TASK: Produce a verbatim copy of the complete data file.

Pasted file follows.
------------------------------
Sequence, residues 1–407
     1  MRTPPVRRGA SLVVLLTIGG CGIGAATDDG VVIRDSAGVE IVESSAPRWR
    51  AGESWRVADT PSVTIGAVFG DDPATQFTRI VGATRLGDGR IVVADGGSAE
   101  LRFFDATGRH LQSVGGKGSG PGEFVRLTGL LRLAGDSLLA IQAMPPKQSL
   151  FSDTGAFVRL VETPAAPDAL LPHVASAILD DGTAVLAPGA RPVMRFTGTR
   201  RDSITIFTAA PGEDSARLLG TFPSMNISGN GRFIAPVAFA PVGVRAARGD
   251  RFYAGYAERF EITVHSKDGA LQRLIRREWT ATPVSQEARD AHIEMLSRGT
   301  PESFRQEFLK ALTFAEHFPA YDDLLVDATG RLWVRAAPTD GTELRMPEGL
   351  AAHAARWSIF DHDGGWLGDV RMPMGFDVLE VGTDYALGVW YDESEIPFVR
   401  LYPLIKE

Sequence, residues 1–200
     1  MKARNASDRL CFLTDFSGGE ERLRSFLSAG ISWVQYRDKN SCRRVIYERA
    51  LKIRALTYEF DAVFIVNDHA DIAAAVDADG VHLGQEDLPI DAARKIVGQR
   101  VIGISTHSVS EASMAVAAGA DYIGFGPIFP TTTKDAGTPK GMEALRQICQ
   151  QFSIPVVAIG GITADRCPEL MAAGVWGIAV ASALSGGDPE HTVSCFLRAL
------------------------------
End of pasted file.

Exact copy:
Sequence, residues 1–407
     1  MRTPPVRRGA SLVVLLTIGG CGIGAATDDG VVIRDSAGVE IVESSAPRWR
    51  AGESWRVADT PSVTIGAVFG DDPATQFTRI VGATRLGDGR IVVADGGSAE
   101  LRFFDATGRH LQSVGGKGSG PGEFVRLTGL LRLAGDSLLA IQAMPPKQSL
   151  FSDTGAFVRL VETPAAPDAL LPHVASAILD DGTAVLAPGA RPVMRFTGTR
   201  RDSITIFTAA PGEDSARLLG TFPSMNISGN GRFIAPVAFA PVGVRAARGD
   251  RFYAGYAERF EITVHSKDGA LQRLIRREWT ATPVSQEARD AHIEMLSRGT
   301  PESFRQEFLK ALTFAEHFPA YDDLLVDATG RLWVRAAPTD GTELRMPEGL
   351  AAHAARWSIF DHDGGWLGDV RMPMGFDVLE VGTDYALGVW YDESEIPFVR
   401  LYPLIKE

Sequence, residues 1–200
     1  MKARNASDRL CFLTDFSGGE ERLRSFLSAG ISWVQYRDKN SCRRVIYERA
    51  LKIRALTYEF DAVFIVNDHA DIAAAVDADG VHLGQEDLPI DAARKIVGQR
   101  VIGISTHSVS EASMAVAAGA DYIGFGPIFP TTTKDAGTPK GMEALRQICQ
   151  QFSIPVVAIG GITADRCPEL MAAGVWGIAV ASALSGGDPE HTVSCFLRAL